Professor Kristin Plys studies a Tea House in Lahore to learn about Resistance to Authoritarianism

Plys, KristinCoffee and tea have a long history of brewing resistance.  Professor Kristin Plys received funding from the Connaught New Researcher Award to study the role of the Pak Tea House in Lahore, Pakistan to understand the role the tea house played as a site of socialization for artists and intellectuals resisting authoritarianism in the twentieth century. This work builds on her previous research that studied the the New Delhi Indian Coffee House resistance movement during India’s period of postcolonial authoritarianism. For several decades in the early and mid-twentieth century, the Indian Coffee House in New Delhi and the Pak Tea House in Lahore were both vibrant sites of political deliberation and cultural expression.  When India briefly became a dictatorship in the 1970s, in fact, the Indian Coffee House location in New Delhi played a critical role in resistance against the postcolonial authoritarian state. The same, however, does not appear to have been true for the Pak Tea House when the Pakistani state tipped into political authoritarianism in 1977. This project seeks to understand the variation in trajectories between these two sites.

This project aims to learn the role of the Pak Tea House in shaping the political and cultural movements of the 1960s and 70s; trace the effect of Pakistani authoritarianism on the deliberative culture in the tea house and its clientele, along with their reaction to the democratic occlusion; and to determine which types of spaces of political deliberation help foster resistance against the state during periods of democratic occlusion. Professor Plys is using Connaught funding to travel to the archives in Lahore to evaluate their holdings and speak with key informants. In achieving her research objectives, this project will contribute to an understanding of the conditions that determine whether movements to restore democracy in postcolonial states succeed or fail.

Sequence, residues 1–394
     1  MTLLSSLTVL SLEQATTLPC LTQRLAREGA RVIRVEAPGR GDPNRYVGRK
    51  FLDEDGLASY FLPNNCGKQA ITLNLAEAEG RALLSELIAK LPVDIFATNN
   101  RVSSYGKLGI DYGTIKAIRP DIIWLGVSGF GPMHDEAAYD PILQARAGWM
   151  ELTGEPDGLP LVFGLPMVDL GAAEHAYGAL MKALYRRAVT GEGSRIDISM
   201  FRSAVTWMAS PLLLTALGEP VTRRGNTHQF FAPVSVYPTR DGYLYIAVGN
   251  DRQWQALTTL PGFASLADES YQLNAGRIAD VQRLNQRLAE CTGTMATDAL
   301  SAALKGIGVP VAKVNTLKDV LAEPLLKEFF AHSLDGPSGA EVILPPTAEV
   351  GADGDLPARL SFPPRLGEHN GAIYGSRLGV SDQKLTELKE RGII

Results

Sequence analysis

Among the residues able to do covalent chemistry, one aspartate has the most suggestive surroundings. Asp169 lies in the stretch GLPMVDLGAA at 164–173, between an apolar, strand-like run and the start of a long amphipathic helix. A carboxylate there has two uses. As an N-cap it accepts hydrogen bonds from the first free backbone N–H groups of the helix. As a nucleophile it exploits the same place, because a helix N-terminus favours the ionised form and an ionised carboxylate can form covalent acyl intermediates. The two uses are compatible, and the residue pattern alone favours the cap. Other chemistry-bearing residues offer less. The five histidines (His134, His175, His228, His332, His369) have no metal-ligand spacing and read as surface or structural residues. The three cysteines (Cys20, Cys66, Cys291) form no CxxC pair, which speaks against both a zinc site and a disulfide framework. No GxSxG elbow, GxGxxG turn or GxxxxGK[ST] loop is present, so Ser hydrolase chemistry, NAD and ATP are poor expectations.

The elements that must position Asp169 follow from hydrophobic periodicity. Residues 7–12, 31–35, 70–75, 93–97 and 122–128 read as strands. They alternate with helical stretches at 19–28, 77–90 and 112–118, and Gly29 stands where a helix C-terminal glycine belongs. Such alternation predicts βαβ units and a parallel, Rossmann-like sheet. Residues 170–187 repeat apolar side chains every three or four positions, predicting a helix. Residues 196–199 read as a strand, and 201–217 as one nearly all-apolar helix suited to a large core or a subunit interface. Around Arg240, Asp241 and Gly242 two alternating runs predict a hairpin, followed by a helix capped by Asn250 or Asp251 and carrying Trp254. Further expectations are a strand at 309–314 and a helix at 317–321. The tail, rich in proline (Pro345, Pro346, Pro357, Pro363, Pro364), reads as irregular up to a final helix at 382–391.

Professor Plys is an Assistant Professor of Sociology with teaching duties at the University of Toronto Mississauga campus. Her research interests  are at the intersections of political economy, postcolonial theory, sociology of development, labour and labour movements, historical sociology and global area studies. In addition to publishing on democracy in South Asia,  Professor Plys is also working on a book with Charles Lemert called Capitalism and its Uncertain Future.

UTM News Professor Kristin Plys interviewed by UTM News regarding her India Coffee House research

Plys, KristinCongratulations to Professor Kristin Plys who recently received the  Connaught Funding to study coffee houses as a site of anti-authoritarian protest in India and Pakistan in the early and mid 20th century. Professor Plys is an associate professor of Sociology with teaching responsibilities  at UTM. Her research sits at the intersection of political economy, postcolonial theory, sociology of development, labor and labor movements, historical sociology, and global area studies.  The full article is available on the UTM news site, we have posted an excerpt below.

Wake up and smell the resistance

The differences between anti-authoritarian movements in the 1970s in India and Pakistan, and the role of specific coffee houses in each country in igniting pro-democracy activism, is the focus of a new study by University of Toronto Mississauga assistant professor of sociology Kristin Plys. The winner of a 2018 Connaught Fund New Researcher Award worth $35,000, Plys’ study is called “Brewing Resistance: Coffee House as a site of social protest against post-colonial authoritarianism in India and Pakistan”.